“Challenges faced to find the solution of how to configure AWS SSO enabling access for a user in two different AWS accounts using a customized user-portal”. I have checked different ways so that I can be able to access different accounts in the simplest way without having to login to all accounts again and again. I got the solution as users are able to login the accounts once using the switch role for IAM users feature of AWS or using AWS Single Sign-On service. The AWS Single Sign-On service is a short-term access or we can say it gives a user session-based access so the access key and secret key also get changed automatically. As per my requirement, I have chosen AWS Single Sign-On service. In terms of cost, the AWS Single Sign-On service has no charges.
AWS Single Sign-On (AWS SSO) is a cloud service that allows you to grant your users access to AWS resources, such as Amazon EC2 instances, across multiple AWS accounts. By default, AWS SSO now provides a directory that you can use to create users, organize them in groups, and set permissions across those groups. You can also grant the users that you create in AWS SSO permissions to applications such Salesforce, Box, and Office 365. AWS SSO and its directory are available at no additional cost to you. To learn more, read the AWS Single Sign-On.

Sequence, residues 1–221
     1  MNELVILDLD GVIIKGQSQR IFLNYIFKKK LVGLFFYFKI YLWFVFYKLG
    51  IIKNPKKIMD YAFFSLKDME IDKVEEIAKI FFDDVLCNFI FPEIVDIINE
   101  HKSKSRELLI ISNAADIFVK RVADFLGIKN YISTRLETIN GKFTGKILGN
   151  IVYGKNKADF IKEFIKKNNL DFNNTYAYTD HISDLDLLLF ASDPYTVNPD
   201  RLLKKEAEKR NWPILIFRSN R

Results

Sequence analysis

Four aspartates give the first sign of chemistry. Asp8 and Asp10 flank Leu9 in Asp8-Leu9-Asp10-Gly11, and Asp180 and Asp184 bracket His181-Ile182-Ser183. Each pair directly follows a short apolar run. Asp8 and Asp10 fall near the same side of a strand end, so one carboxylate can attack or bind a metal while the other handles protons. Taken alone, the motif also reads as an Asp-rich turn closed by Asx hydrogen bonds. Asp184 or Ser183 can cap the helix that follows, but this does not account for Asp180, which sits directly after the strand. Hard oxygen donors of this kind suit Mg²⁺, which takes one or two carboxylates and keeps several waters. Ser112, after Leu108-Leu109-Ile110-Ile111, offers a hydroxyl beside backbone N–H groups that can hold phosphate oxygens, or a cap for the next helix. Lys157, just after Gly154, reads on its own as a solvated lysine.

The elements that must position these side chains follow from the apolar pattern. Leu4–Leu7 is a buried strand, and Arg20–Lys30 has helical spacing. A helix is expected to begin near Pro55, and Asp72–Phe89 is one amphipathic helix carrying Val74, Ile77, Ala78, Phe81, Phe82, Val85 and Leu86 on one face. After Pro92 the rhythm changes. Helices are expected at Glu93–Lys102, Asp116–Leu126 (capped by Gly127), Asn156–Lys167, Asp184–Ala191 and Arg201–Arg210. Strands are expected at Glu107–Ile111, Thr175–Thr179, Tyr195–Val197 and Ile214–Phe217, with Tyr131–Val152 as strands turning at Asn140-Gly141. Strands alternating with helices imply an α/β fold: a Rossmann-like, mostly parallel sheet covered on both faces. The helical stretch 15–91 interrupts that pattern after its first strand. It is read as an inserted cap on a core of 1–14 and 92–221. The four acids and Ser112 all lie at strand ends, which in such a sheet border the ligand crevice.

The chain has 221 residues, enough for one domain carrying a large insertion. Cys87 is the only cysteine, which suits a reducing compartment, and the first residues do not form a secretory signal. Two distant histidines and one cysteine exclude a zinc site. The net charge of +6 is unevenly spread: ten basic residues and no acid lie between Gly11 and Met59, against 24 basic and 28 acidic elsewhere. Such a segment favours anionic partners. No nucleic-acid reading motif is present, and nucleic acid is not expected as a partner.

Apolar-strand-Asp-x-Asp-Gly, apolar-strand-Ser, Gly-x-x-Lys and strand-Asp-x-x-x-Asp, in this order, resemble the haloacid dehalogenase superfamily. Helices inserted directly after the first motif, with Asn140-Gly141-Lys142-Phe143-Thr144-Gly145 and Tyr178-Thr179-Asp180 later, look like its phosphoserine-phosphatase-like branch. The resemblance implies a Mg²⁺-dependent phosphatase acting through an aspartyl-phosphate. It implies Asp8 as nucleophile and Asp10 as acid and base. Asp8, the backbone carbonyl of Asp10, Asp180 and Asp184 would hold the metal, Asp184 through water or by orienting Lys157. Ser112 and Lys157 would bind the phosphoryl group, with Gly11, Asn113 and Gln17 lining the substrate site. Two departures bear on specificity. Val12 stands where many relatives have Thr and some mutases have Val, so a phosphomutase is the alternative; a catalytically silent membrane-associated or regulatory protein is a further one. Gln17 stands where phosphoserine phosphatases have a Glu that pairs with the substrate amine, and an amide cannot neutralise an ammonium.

In this post, you will get to know how to configure AWS SSO enabling access for a user in two different AWS accounts using a customized user-portal. Here I have taken two aws accounts, s3 bucket and rds database. I have enabled SSO with the creation of user, group and permission sets(s3fullaccess and rdsfullaccess). Users are able to access the accounts with s3 and rds services with appropriate permissions using the user portal URL.
You’ll need an Amazon Simple Storage Service and Amazon Relational Database Service for this post. Getting started with Amazon Simple Storage Service provides instructions on how to create a bucket in a simple storage service. Getting started with Amazon Relational Database Service provides instructions on how to create a relational database. You’ll also need AWS Command Line Interface (AWS CLI) installed and configured on your machine. For this blog, I assume that I have two AWS accounts in an organization(root account and sub-account), S3 bucket with file and RDS database.
The blog post consists of the following phases:
- Setup of identity source settings in aws single sign-on console
- Create a User, group and set a permission set on group in aws single sign-on
- Verification of invitation for sso by users and login to aws accounts using MFA authentication with sso service
- Testing of access to the account for users from the management console and command line
- In the AWS Single Sign-On console, click on the aws sso option to enable it.
- Choose your identity source option, In identity source select aws sso option. Other options are also available as active directory and external identity provider. Click on the customize button and give the user portal URL of choice.